Celebrating our 20th anniversary in 2021, we share research and videos showcasing how far we’ve come as an institute.
The work of our Dawes Centre for Future Crime has generated worldwide media coverage (including a recent spot on BBC's Countryfile programme!) over the past year. Our 'policy briefings’ condense the results of our research into short documents that quickly summarise the work. The briefings are prepared with the help of colleagues in the UCL Department of Science, Technology, Engineering and Public Policy (STEaPP). The following briefings can be downloaded from our website.
- AI-enabled future crime policy briefing
- How Secure is Consumer IoT
- Challenges of Preventing Counterfeit Goods
- Cryptocurrencies and future crime
Meet Mariam Elgabry, co founder and director of medtech startup enteromics, but also a UCL PhD researcher between the Dawes Centre and the Advanced Centre for Biochemical Engineering (ACBE).
She is on a mission to build secure smart pills for smart health and is leading the very first Internet-of-Ingestible-ThingsTM hackathon that BRINGS cybersecurity experts and medical device regulatory bodies, to think about cyber-bio-security at design stage of medical devices and to inform policy for these smart gut-sensing pills.Her work was been recognized and published by the UK Parliament Joint Committee on National Security.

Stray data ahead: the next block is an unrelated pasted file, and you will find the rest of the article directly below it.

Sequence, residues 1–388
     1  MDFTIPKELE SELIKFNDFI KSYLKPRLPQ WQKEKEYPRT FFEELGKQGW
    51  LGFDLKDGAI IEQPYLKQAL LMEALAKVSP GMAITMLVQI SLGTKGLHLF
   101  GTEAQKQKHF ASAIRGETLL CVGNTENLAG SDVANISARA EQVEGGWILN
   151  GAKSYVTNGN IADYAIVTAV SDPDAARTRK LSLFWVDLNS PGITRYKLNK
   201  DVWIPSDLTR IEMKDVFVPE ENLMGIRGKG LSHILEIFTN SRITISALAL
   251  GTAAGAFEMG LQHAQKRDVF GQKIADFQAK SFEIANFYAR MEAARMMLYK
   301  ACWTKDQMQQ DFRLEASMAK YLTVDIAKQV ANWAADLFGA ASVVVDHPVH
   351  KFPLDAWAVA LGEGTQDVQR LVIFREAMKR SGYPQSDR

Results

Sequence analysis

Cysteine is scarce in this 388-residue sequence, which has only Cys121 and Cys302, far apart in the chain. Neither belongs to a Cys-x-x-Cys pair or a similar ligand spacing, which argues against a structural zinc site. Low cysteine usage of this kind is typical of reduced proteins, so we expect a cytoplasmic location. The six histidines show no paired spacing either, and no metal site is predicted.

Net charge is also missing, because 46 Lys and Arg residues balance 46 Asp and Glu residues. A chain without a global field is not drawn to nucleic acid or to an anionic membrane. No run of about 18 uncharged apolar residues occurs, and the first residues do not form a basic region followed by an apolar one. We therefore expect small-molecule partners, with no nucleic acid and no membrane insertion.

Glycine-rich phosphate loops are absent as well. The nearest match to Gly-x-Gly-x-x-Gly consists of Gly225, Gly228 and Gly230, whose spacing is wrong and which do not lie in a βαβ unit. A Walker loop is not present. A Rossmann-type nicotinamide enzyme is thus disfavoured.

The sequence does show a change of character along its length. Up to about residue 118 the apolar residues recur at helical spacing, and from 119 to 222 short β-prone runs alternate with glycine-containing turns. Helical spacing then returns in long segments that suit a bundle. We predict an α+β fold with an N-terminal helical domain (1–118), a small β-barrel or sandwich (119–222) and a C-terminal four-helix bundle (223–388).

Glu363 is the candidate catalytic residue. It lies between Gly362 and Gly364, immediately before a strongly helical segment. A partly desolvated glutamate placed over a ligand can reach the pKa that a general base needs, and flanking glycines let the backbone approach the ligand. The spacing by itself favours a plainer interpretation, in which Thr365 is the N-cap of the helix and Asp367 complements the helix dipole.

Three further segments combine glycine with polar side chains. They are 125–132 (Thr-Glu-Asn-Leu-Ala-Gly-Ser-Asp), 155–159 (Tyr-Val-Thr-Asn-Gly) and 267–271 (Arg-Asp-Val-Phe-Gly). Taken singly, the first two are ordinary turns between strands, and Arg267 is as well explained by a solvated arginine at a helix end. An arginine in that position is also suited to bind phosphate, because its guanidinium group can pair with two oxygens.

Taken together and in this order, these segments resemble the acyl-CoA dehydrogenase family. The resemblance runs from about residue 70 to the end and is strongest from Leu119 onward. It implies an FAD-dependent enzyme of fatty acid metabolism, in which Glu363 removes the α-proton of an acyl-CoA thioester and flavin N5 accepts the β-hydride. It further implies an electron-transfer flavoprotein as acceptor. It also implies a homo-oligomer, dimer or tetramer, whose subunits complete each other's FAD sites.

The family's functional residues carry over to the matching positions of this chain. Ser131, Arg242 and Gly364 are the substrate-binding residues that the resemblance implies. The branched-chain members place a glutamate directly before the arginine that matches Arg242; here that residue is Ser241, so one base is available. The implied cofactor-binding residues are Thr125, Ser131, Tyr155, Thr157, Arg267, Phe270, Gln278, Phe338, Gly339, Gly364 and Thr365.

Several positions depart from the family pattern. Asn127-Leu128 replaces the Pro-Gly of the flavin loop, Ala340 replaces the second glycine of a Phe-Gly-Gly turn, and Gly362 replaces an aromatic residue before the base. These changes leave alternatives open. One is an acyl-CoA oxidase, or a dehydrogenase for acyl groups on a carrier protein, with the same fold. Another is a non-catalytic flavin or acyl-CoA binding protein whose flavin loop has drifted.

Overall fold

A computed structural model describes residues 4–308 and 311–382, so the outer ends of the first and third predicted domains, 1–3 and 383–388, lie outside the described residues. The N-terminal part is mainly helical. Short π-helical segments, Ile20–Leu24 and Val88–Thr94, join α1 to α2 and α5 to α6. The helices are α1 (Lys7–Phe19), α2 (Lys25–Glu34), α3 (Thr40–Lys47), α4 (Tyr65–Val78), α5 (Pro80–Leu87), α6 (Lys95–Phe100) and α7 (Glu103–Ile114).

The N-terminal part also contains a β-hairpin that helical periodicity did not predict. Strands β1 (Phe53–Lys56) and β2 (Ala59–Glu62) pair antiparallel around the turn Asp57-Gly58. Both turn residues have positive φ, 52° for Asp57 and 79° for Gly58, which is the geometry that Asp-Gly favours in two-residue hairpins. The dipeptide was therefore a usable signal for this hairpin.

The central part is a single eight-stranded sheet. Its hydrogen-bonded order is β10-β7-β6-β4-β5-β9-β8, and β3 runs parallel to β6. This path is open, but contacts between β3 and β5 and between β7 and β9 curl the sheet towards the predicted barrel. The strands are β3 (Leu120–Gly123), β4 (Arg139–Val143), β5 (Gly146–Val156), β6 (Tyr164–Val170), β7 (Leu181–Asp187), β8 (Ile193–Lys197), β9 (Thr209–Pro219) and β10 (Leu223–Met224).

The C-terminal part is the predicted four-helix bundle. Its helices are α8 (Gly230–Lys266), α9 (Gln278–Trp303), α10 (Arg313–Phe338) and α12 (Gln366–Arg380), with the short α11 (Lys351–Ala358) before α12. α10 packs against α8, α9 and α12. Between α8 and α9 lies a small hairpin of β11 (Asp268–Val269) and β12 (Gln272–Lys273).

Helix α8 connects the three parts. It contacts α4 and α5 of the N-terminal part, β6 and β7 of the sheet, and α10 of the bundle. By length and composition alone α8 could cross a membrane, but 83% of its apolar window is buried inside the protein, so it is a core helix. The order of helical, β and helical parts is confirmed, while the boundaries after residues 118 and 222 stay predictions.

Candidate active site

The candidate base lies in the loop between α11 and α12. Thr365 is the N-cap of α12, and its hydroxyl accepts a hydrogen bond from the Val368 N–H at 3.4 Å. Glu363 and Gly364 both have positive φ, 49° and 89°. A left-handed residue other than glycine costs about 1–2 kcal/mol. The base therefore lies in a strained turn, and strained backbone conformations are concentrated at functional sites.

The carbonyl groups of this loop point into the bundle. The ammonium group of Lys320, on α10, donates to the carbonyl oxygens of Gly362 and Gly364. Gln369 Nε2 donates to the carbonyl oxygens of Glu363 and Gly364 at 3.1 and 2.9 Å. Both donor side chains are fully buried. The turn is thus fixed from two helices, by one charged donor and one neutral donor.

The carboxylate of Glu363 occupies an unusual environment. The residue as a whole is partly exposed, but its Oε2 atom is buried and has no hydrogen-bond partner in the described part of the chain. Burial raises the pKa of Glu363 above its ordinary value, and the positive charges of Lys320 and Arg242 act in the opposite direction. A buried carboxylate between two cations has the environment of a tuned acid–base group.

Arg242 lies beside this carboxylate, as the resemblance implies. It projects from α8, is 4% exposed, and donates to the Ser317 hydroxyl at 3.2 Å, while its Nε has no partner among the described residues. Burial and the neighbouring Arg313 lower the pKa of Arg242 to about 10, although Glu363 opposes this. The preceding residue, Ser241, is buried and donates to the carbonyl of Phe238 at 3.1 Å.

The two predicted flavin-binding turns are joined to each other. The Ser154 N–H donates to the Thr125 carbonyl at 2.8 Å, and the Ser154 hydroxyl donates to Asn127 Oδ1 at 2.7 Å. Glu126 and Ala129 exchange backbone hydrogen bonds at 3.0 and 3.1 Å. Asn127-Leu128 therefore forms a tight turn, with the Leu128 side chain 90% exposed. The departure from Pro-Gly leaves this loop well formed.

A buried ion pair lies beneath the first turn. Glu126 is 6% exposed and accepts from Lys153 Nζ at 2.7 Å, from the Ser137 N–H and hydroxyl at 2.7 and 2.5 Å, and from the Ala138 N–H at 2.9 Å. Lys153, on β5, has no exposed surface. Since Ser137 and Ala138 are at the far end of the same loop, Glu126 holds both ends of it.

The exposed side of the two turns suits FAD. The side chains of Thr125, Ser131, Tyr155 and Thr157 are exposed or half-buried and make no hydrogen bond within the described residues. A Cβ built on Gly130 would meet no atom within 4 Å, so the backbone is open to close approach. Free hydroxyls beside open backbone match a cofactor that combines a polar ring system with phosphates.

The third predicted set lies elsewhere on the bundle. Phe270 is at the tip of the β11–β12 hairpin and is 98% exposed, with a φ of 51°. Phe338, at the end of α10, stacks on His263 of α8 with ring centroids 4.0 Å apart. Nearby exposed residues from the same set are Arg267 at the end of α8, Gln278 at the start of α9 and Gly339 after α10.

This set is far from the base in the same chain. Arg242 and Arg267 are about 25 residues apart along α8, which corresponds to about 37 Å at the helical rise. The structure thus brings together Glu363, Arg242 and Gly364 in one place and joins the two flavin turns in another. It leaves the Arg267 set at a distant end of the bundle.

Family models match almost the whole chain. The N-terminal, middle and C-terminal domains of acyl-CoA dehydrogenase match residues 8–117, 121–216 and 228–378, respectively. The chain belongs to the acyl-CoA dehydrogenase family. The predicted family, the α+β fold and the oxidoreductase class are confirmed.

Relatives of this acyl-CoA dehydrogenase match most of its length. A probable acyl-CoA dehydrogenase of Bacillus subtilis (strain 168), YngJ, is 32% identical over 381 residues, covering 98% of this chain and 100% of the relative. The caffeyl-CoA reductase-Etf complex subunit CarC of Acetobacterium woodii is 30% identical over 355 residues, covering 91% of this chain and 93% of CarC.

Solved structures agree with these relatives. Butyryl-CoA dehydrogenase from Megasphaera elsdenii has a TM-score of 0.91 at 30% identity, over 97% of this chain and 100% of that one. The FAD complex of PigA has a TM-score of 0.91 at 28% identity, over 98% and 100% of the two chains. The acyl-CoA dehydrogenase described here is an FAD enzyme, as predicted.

Watch the video and join Mariam in her vision for prioritising responsible health tech for a more “bio-savvy” public that demands for secure solutions!
As part of our COVID-19 Special Series papers, our Dawes Centre for #FutureCrime researcher Mariam Elgabry looked at what we think might happen within bio crime.
The Institute for Global City Policing (IGCP) is an independent centre based at the UCL Jill Dando Institute of Security and Crime Science, funded and managed in partnership with the Metropolitan Police Service (MPS) and the Mayor's Office for Policing and Crime (MOPAC).
In 2012 the JDI established the counter-terrorism research group. Working with practitioner agencies we conduct research on terrorist behaviour, focusing on the situational qualities of every stage. We focus on the settings in which radicalisation takes place, asking not “who and why”, but “who and where”. We examine the antecedent behaviours of these individuals to identify observable and detectable behavioural indicators.
The UCL Centre for the Forensic Sciences is an interdisciplinary initiative with members across the university and industry. We aim to create real world impact in the forensic sciences through our research and teaching, and by collaborating with practitioners, policy makers and others.